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Adrenal Fatigue and Covid

The past year has been stressful in ways no one could have predicted. Life has been turned upside down, and as a result many people have felt overwhelmed and exhausted. Even those who are normally buoyant, enthusiastic, and positive have described this period as difficult and draining, like air slowly leaking out of a balloon.

So how have you been feeling? Are you a bit teary, stressed and run down, experiencing brain fog, and low energy? Are you wired at bedtime but exhausted in the morning, tired but can’t seem to sleep? Do you experience anxiety, have panic attacks and palpitations? Maybe you feel flat and sluggish and lack enthusiasm at times. Or you feel unwell when normally you feel healthy. Perhaps you just don’t feel great.

After months of trying to keep your head above water financially and emotionally, maybe supporting other family members in distress, homeschooling, trying to remain positive and upbeat and making the best of this difficult situation, you are just very weary. You may have adrenal fatigue.

Adrenal fatigue occurs because of prolonged stress over a long period of time. When stress is ongoing, your body gets stuck in high alert mode and stress hormones are being constantly pumped out by your adrenal glands. The adrenals start to struggle to keep up with constantly releasing hormones and adrenal fatigue sets in.

Many different types of stress can trigger adrenal fatigue. These include:

Mental/Emotional: this includes work and family pressures; financial or relationship problems; unresolved trauma/abuse; feeling unworthy; low self-esteem; and pushing yourself constantly.
Physical: such as chronic or acute illness; allergies and food sensitivities; poor sleep; injury; or pain and exhaustion from sport, over-training or over exercising.
Toxic chemical overload: including exposure to xenoestrogens, antibiotics, prescription drugs, radiation; or living near or working in toxic locations.
Dietary: a poor diet, including too much caffeine, carbs and high-sugar foods can stimulate repeated cortisol release, setting up the adrenal fatigue pattern. Chronic gut issues like constipation, diarrhea, bloating, IBS, ‘leaky gut’ and unaddressed food sensitivities can also cause adrenal fatigue.

Months of stress and anxiety arising from uncertainty, worry and lockdowns have created a subcategory that combines many of the stress triggers listed above, and for some, a type exhaustion that feels hard to shift.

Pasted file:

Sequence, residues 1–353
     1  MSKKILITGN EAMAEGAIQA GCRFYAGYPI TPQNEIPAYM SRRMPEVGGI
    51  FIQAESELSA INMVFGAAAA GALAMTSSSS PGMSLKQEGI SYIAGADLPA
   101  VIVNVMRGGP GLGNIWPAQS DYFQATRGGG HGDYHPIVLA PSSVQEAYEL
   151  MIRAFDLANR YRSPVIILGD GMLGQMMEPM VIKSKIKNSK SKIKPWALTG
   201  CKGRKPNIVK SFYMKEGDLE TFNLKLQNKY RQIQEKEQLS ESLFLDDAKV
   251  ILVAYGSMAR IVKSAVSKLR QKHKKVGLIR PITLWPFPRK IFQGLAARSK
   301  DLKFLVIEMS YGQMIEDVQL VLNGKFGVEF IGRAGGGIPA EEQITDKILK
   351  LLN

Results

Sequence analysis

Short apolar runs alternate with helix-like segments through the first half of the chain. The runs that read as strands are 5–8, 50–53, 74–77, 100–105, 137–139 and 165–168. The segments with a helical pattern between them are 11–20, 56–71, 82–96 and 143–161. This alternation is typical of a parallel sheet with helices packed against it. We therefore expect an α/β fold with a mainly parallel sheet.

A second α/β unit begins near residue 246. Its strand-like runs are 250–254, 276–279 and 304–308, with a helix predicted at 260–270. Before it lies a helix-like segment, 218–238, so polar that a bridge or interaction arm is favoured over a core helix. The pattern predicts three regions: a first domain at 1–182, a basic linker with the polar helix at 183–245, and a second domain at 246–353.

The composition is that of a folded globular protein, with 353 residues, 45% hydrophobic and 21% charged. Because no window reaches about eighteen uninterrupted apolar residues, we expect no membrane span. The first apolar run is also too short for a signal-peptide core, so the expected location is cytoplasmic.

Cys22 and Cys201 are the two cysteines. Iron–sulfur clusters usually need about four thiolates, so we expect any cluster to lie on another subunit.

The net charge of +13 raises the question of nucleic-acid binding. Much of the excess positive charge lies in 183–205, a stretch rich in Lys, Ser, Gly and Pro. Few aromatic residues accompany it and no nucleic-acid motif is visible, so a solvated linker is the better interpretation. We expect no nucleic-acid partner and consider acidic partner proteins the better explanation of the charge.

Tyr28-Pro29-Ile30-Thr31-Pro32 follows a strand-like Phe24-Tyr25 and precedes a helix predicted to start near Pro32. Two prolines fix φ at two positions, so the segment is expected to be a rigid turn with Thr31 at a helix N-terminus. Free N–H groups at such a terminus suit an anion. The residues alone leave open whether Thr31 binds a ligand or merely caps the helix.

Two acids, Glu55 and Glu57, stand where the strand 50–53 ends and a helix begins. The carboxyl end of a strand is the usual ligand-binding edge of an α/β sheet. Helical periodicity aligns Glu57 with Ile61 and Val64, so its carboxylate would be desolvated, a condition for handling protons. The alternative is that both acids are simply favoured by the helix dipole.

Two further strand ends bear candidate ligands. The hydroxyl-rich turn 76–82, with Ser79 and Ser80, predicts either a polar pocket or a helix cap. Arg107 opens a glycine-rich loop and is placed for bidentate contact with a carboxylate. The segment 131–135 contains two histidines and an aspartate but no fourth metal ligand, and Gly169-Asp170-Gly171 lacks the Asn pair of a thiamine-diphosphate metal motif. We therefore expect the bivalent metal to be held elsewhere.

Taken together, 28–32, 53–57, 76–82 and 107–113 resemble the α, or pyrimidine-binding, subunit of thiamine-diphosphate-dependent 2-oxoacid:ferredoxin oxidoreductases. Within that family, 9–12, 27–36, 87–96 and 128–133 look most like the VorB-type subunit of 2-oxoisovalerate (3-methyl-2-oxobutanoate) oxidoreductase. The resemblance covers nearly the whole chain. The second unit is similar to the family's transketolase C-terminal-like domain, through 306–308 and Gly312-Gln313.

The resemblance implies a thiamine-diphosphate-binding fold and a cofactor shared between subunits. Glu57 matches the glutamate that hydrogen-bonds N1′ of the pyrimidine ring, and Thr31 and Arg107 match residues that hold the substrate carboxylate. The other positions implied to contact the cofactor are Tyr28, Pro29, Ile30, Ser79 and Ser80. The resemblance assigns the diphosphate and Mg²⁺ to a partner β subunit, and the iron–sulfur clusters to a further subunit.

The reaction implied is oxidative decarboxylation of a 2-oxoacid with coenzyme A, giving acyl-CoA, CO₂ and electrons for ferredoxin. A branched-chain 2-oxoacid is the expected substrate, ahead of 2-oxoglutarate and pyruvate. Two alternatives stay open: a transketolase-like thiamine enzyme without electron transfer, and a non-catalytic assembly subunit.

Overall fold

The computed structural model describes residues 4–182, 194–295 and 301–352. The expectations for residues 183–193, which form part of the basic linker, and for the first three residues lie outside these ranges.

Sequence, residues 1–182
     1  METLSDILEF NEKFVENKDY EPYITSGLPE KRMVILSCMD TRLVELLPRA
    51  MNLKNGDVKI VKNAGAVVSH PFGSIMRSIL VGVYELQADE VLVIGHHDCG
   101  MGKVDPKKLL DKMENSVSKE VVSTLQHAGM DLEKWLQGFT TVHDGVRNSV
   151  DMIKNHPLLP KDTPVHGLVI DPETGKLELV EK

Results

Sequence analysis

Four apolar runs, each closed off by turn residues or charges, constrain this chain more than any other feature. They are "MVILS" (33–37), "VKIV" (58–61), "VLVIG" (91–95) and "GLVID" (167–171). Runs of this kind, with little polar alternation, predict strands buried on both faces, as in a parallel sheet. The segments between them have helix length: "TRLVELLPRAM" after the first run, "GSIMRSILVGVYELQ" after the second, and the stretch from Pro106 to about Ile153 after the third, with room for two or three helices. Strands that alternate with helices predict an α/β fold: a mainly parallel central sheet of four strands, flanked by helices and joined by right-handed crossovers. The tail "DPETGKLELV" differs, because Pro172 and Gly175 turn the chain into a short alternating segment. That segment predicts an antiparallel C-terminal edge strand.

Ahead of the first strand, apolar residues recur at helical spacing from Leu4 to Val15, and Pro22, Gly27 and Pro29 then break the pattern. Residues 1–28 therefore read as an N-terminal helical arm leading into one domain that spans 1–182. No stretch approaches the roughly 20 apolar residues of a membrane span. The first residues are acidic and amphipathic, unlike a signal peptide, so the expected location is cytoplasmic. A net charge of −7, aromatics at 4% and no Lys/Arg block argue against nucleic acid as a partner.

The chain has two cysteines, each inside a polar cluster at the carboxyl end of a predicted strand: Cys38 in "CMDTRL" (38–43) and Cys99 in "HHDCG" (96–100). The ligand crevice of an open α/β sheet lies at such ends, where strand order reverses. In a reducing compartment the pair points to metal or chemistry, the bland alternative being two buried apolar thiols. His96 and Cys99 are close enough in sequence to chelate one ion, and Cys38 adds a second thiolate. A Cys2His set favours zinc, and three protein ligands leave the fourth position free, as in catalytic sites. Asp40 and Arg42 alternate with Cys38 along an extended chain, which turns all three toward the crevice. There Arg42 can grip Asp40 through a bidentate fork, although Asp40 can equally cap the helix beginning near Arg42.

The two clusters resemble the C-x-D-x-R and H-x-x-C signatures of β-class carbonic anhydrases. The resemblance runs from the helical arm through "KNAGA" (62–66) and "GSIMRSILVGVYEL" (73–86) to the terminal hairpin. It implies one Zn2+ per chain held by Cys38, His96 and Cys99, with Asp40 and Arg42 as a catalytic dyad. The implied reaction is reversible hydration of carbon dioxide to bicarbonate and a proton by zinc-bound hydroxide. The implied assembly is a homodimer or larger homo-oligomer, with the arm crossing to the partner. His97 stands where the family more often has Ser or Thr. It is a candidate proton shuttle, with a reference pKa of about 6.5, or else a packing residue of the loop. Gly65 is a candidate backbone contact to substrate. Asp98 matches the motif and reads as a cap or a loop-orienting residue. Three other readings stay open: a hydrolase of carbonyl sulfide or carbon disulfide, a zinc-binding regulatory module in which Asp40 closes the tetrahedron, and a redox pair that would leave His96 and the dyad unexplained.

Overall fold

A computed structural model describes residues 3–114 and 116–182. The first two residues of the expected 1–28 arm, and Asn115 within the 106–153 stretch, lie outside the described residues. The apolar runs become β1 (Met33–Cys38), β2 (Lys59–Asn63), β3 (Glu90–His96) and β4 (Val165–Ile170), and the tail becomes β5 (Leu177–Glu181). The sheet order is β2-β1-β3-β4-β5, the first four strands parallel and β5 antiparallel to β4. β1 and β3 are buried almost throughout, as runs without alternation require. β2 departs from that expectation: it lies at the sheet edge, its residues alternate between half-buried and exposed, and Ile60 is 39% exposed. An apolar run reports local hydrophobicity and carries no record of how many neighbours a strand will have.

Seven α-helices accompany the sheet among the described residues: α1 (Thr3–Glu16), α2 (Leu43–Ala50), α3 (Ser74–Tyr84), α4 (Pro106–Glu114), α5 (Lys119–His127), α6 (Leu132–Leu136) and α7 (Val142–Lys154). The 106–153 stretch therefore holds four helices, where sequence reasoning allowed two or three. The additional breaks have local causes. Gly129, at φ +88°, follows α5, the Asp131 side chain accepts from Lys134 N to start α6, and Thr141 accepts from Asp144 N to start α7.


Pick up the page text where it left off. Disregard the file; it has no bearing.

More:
What can I do?

Here are some suggestions:

Improve your diet and nutrition include good proteins, healthy carbs and fats, and fibre, to improve energy, and support gut health and your immune system.
Do a health detox and reboot your body by eliminating or reducing possible problem foods such as gluten and dairy, and processed sugary and salty foods, caffeine and alcohol.
Adopt healthy sleep habits, as quality sleep and rest is key to recovery.
Try some moderate and gentle exercise such as walking, moderate weight training, slower bike rides, dancing, swimming, yoga and tai chi.
Don’t engage in intense exercise every day as intense exercise (marathons, HIIT) increases cortisol levels.
Enjoy relaxing activities such as watching films, reading for pleasure, listening to music, and using mediation apps with relaxing soundscapes. Book a massage or acupuncture session. Don’t feel guilty about relaxing.
Meditation & Breathing – try some Apps: e.g., Headspace; Calm; Smiling Mind; Relax Melodies etc. on iPhone or iPad). Belly breathing switches on the parasympathetic nervous system (calming). Place hands palm down on the lower belly, breathe in and out through the nose if possible. Breathe in for 7 seconds, hold for 2-4, breathe out for 5.
Enjoy a relaxing aromatherapy bath – add some candles and close your eyes.
Ensure adequate intake of vital nutrients via diet or supplements such as Vitamin C, an important building block in recovery from adrenal fatigue; B vitamins which are vital for the nervous system but rapidly depleted when you’re stressed; and Magnesium: a calming mineral to help relax both your nervous system and muscles. Other important nutrients include Vitamins E & D, Omega-3 fatty acids, Acetyl-L-Carnitine, and Co Q10
Include some adrenally restorative herbs such as Licorice, Rehmannia, Withania, Siberian ginseng, Skullcap, Passionflower, Melissa, Bacopa, St John’s Wort, Panax ginseng, Oats and Rhodiola.
• See a mental health professional if serious concerns arise.
Make an appointment with a naturopath or nutritionist to discuss any of the above information plus any other health concerns.

Pamela Nelson is a Naturopath and Clinical Nutritionist at Health Space Clinic Lane Cove

Author: Pamela Nelson

Pamela is a dedicated, qualified Naturopath, Nutritionist, and Herbalist at Health Space. She aims to help her clients achieve balance in all areas of their lives. Her areas of interest include chronic illness, allergies and food intolerances, digestive problems, stress and anxiety management, sleep issues, and regaining work/life balance via lifestyle changes.

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